Our ability to listen to and understand more than one source at once is partly dictated by our genes, according to a study carried out by the National Institute on Deafness and Other Communication Disorders (NIDCD), one of the National Institutes of Health.
Identical twins produced largely identical performances in a number of tests, whereas fraternal twins produced uneven results. The researchers concluded that genes greatly influence the ability to listen and comprehend, as identical twins share their DNA composition.
The brain also listens
The twins were tested for their ability to listen and understand several things at once, exemplified by talking on the phone while simultaneously receing a message from a bystander. The twins ability to understand single messages was tested, as well.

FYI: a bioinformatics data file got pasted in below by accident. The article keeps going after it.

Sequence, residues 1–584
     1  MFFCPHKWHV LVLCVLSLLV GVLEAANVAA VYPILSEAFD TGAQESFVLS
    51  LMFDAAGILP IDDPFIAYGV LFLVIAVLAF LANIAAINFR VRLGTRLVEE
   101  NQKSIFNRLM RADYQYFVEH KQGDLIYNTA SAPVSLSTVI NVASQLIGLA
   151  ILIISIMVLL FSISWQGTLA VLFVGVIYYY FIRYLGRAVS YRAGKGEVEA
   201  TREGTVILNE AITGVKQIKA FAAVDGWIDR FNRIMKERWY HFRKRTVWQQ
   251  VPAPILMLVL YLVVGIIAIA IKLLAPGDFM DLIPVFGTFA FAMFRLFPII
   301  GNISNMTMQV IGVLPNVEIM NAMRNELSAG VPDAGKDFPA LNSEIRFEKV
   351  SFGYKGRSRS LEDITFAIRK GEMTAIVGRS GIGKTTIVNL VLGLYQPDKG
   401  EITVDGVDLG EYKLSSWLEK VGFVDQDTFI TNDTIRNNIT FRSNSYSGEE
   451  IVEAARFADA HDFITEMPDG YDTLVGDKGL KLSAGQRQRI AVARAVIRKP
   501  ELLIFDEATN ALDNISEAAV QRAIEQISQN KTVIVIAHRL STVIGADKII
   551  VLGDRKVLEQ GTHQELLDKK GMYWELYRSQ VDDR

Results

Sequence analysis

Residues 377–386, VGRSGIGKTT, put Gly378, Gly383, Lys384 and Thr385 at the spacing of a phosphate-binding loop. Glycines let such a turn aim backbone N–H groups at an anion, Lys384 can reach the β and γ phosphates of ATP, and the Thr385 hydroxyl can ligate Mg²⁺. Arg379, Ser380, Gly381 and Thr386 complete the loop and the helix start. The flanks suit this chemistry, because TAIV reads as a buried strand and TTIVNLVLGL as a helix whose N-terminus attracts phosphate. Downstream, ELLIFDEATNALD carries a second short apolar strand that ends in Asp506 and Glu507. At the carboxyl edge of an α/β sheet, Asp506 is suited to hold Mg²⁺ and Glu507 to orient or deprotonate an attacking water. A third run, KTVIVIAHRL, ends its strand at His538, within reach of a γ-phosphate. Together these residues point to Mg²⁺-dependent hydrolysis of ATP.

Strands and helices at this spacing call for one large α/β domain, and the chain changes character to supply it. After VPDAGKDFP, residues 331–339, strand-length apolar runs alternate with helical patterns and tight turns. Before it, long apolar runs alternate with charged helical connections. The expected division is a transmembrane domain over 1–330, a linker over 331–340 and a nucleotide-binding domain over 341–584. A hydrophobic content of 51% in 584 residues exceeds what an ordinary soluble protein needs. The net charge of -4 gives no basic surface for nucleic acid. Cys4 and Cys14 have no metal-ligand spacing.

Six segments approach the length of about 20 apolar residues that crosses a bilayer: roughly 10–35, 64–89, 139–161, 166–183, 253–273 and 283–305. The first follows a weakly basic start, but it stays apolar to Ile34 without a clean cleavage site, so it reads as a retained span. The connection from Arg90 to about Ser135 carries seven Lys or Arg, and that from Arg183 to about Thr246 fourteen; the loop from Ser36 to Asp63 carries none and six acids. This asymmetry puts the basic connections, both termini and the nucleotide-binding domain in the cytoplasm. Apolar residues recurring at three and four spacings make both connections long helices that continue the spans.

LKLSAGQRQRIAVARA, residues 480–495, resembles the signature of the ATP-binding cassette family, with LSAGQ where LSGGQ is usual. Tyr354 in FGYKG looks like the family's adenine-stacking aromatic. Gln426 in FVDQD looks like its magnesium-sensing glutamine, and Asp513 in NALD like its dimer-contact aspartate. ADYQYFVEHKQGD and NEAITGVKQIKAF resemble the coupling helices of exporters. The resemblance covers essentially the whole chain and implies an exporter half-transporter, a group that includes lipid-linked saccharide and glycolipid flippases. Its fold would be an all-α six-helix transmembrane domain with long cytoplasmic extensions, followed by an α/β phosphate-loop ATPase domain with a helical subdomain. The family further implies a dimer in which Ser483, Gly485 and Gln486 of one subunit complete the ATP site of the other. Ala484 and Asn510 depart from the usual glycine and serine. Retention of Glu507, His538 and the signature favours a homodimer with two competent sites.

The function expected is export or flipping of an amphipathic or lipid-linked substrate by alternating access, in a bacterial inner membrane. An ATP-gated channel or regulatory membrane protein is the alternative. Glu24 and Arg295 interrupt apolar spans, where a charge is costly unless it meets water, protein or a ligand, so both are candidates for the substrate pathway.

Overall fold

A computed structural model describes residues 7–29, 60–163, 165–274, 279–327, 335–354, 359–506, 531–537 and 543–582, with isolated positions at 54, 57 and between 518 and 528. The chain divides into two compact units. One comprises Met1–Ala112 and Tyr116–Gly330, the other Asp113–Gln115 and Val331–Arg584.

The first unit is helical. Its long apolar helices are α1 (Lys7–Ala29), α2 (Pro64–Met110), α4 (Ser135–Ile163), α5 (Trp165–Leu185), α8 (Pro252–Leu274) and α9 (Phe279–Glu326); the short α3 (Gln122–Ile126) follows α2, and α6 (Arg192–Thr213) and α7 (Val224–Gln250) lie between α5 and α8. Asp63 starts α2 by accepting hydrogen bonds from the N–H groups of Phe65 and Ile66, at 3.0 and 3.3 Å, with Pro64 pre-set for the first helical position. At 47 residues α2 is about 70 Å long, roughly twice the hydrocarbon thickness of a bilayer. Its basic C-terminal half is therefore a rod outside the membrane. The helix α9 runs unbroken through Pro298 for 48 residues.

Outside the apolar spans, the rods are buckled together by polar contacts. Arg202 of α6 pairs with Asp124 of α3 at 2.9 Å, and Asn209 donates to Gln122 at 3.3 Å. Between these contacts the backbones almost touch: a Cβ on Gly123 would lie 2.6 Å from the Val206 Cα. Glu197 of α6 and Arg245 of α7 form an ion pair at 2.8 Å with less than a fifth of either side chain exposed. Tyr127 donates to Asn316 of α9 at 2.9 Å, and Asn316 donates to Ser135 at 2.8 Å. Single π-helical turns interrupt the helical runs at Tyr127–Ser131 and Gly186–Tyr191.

“Our auditory system doesn't end with our ears. It also includes the part of our brain that helps us interpret the sounds we hear. This is the first study to show that people vary widely in their ability to process what they hear, and these differences are due largely to heredity,” said James F. Battey, director of the NIDCD.
194 same-sex pairs of twins, aged 12 through 50, participated in the study during the years 2002 through 2005. 138 pairs were identical twins and 56 pairs were fraternal twins.
In five different tests, each participant listened to a variety of sounds and words.
The study resulted in a better understanding of auditory processing disorders (APD), referring to disturbances of the process in which we hear something and the brain ”?translates' the auditory signals into something meaningful and understandable.